The biggest difference for Robinson: having the patience to let his blocks develop before hitting a running lane.

"I think as he settled in and you saw it later on, he had a couple of really nice runs and you could see him be patient and then hit it and as he hit it, you could see the separation between the blockers and the creases were there," Rivera said.

Robinson and the Commanders saw the benefit of that in the second half. After getting just 13 yards on five carries in the first two quarters, Robinson carried the ball 13 times for 74 yards the rest of the way, and he seemed to improve with each attempt.

First, Robinson kickstarted the Commanders' opening drive of the third quarter with a five-yard run. Four plays later, Robinson cut behind a double team from Saahdiq Charles and Charles Leno Jr. for an 11-yard gain that set up the 30-yard touchdown to Terry McLaurin.

Robinson didn't shy away from laying hits on defenders when necessary, either. On the first play that followed the interception by Emmanuel Forbes Jr., Robinson met three Broncos right at the first-down line and powered forward for another four yards. Earlier in the game, he plowed through the Broncos' defense on a two-point conversion to sneak the ball across the goal line to make the score 21-11.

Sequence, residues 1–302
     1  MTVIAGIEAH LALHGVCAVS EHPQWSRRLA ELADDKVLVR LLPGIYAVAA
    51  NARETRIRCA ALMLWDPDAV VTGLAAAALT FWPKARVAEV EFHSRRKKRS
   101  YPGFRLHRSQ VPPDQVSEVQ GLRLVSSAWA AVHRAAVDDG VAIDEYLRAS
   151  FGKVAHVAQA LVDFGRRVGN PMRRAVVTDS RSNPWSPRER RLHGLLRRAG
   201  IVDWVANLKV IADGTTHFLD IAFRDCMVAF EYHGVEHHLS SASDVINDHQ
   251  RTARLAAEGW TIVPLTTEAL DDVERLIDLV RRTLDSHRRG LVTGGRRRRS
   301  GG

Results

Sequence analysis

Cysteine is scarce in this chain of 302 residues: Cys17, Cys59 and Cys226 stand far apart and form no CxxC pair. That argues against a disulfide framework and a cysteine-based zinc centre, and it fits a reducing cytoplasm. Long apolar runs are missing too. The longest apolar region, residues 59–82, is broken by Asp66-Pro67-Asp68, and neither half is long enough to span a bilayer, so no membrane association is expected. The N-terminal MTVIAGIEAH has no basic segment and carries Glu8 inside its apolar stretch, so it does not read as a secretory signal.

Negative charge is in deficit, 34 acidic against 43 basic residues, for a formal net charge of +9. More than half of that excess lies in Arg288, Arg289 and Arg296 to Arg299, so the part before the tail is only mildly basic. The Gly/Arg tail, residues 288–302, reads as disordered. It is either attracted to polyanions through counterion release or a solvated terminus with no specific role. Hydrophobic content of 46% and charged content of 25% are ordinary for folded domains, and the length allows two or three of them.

Check out the best photos of the Washington Commanders from their Week 2 matchup against the Denver Broncos. (Photos by Emilee Fails/Washington Commanders)

Given that Washington only won by two points and had to prevent a two-point try by the Broncos at the end of regulation, that extra effort played a significant role in Washington coming away with a 2-0 record.

"He runs hard. He runs physical," Howell said. "He makes the defense feel it every single time he touches the ball. When you are in games like this, and it is kind of close toward the end, that is what you need. You need somebody like that. He is a killer when he gets the ball."

And there were some flashes of what he can do as a pass-catcher. Both of his receptions resulted in 21-yard pickups, the second of which put Washington at the Denver 34-yard line and helped set up his second rushing touchdown four plays later.

As long as he gets the ball in his hands, Robinson is eager to do whatever the team needs from him.

"Always feels good to make plays and help the team win," Robinson said. "I'll do whatever I got to do. However many runs or carries or catches, it don't matter. I just want to get the win."

The challenges for the Commanders are only going to get tougher from here. They play the Buffalo Bills and Philadelphia Eagles, both of whom boast physical defenses, in the next two weeks. Getting a win in one or both matchups would give more credence to Washington's assertions that it is a legitimate playoff contender.

Robinson's ascension provides Washington with one more weapon to counter two of the league's best teams.

"I know I got a lot more in the tank that I can show," Robinson said. "Like I said, taking those strides week in and week out. Eventually, it will be all out on display."